Iran the Next Target?
By Syed Arif Hussaini
Following the reelection of George
W. Bush, it is but natural to ask whether Iran would
be the next target for attack during his second
term. His doctrine of “preemptive attack”
expounded in justification of the invasion of Iraq
has been reprised by him several times during the
election campaign. As recently as October 30, 2004,
he asserted: “We are on the offensive around
the world, because the best way to prevent future
attacks is to go after the enemy”.
In his State of the Union address of January 20,
2004, he had included Iran as a component of “the
axis of evil”. He had done so because he said,
“Iran aggressively pursues these (nuclear)
weapons and exports terror”.
According to the Newsweek of September 26, 2004,
military top brass were “updating plans for
possible US military action in Syria and Iran”.
Researcher, author and commentator, Mark Gaffney,
has warned that the United States and its ally Israel
will either accede to the existence of an Iranian
nuclear program or take steps to prevent it.
A word here about US-Iran relations. Exemplary friendship
existed between the two bilaterally, as well as
multilaterally under CENTO, till a group of revolutionaries
led by the exiled Ayatollah Khomeini overthrew in
1979 the US-backed Pahlavi monarchy. On November
4, 1979, a group of Iranian students invaded the
US Embassy in Teheran and took some 55 staff members
as hostage. The hostages were released after 444
days in January 1981 in a give and take deal. Relations
have remained strained till now. During 1997-98
friendly gestures by President Khatami of Iran and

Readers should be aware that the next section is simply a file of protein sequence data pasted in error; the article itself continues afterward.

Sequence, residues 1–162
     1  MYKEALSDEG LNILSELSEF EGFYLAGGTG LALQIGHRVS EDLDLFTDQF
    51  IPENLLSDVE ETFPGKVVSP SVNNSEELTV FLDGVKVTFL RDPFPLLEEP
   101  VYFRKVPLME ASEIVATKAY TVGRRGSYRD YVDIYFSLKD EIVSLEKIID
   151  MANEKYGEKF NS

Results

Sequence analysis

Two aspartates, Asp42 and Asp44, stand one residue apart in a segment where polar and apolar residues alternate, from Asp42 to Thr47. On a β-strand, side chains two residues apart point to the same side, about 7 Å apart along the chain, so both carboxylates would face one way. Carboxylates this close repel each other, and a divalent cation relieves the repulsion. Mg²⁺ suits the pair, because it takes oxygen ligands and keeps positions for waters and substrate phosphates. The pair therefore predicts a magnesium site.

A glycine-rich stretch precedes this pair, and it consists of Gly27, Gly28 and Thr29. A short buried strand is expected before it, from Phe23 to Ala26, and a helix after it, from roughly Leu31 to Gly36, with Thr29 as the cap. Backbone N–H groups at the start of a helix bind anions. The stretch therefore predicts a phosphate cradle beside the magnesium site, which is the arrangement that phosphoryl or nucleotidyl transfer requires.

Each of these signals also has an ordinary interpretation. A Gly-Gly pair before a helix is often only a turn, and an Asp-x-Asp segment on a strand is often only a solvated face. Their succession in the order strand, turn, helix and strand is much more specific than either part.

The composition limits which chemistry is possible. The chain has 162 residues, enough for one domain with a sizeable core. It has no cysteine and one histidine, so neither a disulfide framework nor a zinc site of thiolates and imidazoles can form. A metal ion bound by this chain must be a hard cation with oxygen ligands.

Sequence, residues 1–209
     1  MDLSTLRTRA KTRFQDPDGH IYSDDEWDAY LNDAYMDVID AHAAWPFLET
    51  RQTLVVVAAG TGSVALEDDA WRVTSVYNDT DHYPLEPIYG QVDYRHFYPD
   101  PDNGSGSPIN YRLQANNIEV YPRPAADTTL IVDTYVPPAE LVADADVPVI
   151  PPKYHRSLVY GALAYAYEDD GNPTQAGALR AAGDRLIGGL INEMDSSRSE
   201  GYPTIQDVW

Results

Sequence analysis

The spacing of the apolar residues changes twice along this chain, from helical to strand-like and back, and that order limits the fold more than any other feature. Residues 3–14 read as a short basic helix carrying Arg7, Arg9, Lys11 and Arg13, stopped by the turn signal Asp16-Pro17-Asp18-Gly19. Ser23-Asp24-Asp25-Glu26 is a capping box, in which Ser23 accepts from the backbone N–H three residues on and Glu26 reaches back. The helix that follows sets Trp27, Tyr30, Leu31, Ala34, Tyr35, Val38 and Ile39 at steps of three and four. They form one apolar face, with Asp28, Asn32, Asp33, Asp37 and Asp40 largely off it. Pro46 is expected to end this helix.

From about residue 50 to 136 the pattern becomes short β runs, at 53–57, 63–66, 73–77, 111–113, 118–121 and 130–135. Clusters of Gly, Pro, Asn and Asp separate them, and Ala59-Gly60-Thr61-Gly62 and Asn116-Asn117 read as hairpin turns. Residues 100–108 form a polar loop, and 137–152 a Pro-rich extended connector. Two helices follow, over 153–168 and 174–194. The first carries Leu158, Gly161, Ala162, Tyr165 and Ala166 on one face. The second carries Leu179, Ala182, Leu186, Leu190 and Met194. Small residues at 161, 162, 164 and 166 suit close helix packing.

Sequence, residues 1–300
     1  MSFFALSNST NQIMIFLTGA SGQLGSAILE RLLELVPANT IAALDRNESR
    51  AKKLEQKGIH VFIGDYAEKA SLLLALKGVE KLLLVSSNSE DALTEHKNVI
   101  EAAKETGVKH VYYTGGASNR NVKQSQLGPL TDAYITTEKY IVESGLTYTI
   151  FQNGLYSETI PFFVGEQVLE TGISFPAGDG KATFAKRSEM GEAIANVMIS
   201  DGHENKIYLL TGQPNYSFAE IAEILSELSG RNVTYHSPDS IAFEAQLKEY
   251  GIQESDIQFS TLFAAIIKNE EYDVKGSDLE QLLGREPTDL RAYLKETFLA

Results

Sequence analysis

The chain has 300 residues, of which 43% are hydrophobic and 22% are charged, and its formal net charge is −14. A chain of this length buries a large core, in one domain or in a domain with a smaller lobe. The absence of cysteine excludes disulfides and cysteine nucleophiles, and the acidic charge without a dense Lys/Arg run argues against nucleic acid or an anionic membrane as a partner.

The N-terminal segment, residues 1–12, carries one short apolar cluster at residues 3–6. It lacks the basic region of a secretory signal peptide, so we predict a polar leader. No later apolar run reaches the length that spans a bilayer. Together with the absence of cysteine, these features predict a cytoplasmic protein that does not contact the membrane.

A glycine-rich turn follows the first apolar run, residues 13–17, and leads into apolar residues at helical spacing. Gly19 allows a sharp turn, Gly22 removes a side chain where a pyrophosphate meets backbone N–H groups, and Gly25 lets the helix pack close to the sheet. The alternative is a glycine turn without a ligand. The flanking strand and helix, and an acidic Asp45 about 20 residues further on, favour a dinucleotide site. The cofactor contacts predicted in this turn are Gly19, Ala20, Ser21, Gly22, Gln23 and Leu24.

President Clinton of the US held out hopeful signs
Benefits of reconciliation are significant for both
countries. Iran is a preferred pipeline route for
Caspian Sea and Central Asian oil. Better relations
will help augment economic growth of Iran. Considering
the low standing of Iran economically and militarily,
a reconciliation with the US would have been quite
easy. But, Iran is viewed by Israel as a potential
threat to its very existence. And, Iran is conscious
of Israel’s antagonism, its nuclear arsenal,
and the steps it has already taken in concert with
the US, to de-fang, and turn into rubble, all those
neighboring states that do not cater to its design
of a greater Israel overarching the region.
Iran’s anxiety to go nuclear appears to emanate
from this challenge and apprehension. And, in view
of what Mr. Bush calls “unique relationship
of the US with Israel” any threat to Israel
is regarded as a threat to the US Iraq was no threat
to the US but it certainly was one to Israel. Saddam
was financing the families of suicide bombers of
Iran might not be too far from accomplishing its
nuclear ambitions. Would not Israel persuade the
US to agree to a preemptive strike on Iran’s
nuclear sites before it is too late?
The victory in the elections and the ensuing euphoria,
the pressure of the neo-cons who passionately support
Israel, and the enormous military might of the U.S.,
might incite President Bush to indulge in his doctrine
of preemptive strike. But, certain factors create
doubts about his adopting such a course. To begin
with, he is badly entangled in the Iraqi quagmire.
Instead of the cake walk, flower petals and read
carpet, the U.S. finds itself entangled in an ugly
insurgency that is not tapering off. And, the large